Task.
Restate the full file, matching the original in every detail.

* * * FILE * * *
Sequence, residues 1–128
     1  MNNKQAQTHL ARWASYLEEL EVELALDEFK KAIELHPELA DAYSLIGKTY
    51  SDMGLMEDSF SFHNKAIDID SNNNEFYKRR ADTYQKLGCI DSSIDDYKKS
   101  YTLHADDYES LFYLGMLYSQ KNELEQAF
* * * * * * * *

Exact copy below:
Sequence, residues 1–128
     1  MNNKQAQTHL ARWASYLEEL EVELALDEFK KAIELHPELA DAYSLIGKTY
    51  SDMGLMEDSF SFHNKAIDID SNNNEFYKRR ADTYQKLGCI DSSIDDYKKS
   101  YTLHADDYES LFYLGMLYSQ KNELEQAF